Hugh Gage, founder of the Prompt Payment Directory shines the spotlight on the wider ranging issues caused by late payment.
I have, in the past, written about the scourge of commercial late payment describing it as an iceberg issue. The obvious simile being that it is a huge and very dangerous problem affecting the UK economy, but with comparatively low visibility owing to the fact that it’s often talked about in hushed tones, if at all.
Suppliers are loath to mention it for fear of upsetting their customers. As the Small Business Commissioner, Paul Uppal has said recently, suppliers take the view they’d rather have very bad customer relationships than no relationship at all.
And yet the problem runs into billions of £££s. It not only costs suppliers but also the exchequer. The Federation of Small Business reported that in 2014 late payment cost the UK economy in the region of £2.5 billion and caused 50,000 businesses to go under.
As we head towards Brexit, we also have to think about the reputational damage to the UK as a place to do business. Germany, for example, does not have this problem to anything like the same extent we do. The last thing this country needs is a bad reputation as a place to set up a business.
However there is another aspect to all this which is even less well reported. That is the impact that late payment has on the wellbeing and mental health of both business owners and managers in the UK.
Recent research by The Prompt Payment Directory shows that more than half of all small business owners and managers have suffered from depression, anxiety, increased stress, or other mental health related illnesses as a result of late payments.
68% report losing sleep due to late payment, and a persistent lack of sleep can often be the gateway to mental health issues.
Not only that but the situation appears to be worsening. The proportion of people reporting mental health issues because of late payment has also risen since last year by nearly 80%.
It’s hardly surprising that business owners are feeling the stress when one considers that the data also shows how 42% of respondents have had to stop or delay staff bonuses while 63% have had to forgo their own salary to help make ends meet in their business.
The difficulties are also spilling into other areas of life with nearly a fifth reporting that stress from late payment is affecting their relationship and in some cases causing them to fail.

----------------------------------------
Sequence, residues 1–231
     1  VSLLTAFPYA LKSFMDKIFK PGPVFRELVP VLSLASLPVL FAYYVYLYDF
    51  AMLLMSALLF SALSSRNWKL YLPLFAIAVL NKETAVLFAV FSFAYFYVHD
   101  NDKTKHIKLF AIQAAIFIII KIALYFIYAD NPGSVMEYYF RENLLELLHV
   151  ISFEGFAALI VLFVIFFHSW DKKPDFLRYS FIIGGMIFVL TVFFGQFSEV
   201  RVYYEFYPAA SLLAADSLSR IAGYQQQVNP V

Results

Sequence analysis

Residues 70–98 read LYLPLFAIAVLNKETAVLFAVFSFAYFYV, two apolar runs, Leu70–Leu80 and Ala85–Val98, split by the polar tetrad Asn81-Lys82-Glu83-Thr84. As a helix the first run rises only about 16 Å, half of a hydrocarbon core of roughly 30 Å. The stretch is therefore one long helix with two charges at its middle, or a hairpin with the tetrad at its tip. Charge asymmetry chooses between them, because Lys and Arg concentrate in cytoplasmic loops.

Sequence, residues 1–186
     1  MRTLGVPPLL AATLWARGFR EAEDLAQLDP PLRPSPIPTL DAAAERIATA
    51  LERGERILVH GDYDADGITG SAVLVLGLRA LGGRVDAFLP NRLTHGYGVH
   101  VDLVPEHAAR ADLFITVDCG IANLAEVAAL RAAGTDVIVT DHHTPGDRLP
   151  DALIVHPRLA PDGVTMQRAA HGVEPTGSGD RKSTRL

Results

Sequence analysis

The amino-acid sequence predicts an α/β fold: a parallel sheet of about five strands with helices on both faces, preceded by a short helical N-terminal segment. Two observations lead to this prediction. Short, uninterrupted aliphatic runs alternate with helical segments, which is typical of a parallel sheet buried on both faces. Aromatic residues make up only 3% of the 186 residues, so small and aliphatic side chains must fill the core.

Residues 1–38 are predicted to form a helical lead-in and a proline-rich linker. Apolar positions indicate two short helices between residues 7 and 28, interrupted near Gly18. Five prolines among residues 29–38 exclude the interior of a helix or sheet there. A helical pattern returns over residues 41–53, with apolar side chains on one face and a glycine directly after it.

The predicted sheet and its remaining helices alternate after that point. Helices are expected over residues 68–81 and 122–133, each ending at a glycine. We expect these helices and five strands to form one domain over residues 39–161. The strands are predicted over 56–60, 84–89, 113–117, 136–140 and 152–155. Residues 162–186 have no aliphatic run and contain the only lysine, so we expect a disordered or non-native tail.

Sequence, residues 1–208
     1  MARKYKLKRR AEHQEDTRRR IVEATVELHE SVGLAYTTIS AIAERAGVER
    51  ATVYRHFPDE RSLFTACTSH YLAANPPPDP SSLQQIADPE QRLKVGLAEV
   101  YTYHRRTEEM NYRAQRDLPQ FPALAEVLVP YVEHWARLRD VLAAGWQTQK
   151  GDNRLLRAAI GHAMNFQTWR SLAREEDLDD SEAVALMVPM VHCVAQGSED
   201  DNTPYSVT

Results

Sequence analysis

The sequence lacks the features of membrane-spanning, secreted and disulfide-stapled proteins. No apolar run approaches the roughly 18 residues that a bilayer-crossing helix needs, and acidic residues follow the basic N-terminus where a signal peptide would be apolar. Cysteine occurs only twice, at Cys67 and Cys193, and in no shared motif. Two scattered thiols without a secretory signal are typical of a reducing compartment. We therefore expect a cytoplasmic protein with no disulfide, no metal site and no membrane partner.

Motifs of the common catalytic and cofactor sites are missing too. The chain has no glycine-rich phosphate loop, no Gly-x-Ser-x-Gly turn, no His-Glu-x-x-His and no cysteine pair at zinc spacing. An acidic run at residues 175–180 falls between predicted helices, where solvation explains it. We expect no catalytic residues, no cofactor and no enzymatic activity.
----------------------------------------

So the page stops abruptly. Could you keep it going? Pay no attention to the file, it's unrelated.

The main areas of mental health problems are stress, insomnia, depression and extreme anger. For those in the construction sector this is all familiar territory with over a fifth of respondents claiming they have experienced extreme anger as a result of the notoriously poor payment practices they are exposed to.
The Department of Health has reported that the wider economic costs of mental illness in England have been estimated at £105.2 billion each year. This includes direct costs of services, lost productivity at work and reduced quality of life. It reinforces the fact that poor mental health and the causes of poor mental health, quite apart from anything else, are not good for the U.K. economy.
As the research by Prompt Payment Directory shows, the late payment problem is clearly a contributory factor and as the ranks of the self employed continue to grow this is an increasingly urgent matter.
There is no single panacea for the problem of late payment. However, there are many different initiatives currently in play to help tackle it; these include the vital work being done by the office of the Small Business Commissioner, the Duty to Report, and the various private sector initiatives such as the Prompt Payment Directory – a service where suppliers can anonymously rate the payment practices of their customers, rather like a TripAdvisor for business payments.
It’s vital that the issue of late payment is addressed not just after the fact when the debt becomes outstanding, but also before the fact as part of the due diligence process. The more suppliers begin to think like this, the fewer who will face the choice between having a bad business relationship or none at all.
About The Prompt Payment Directory
The Prompt Payment Directory is a service set up by company founder and Managing Director, Hugh Gage in response to the late payment of commercial debts within the UK’s business community. Further information can be found at https://www.thepromptpaymentdirectory.co.uk/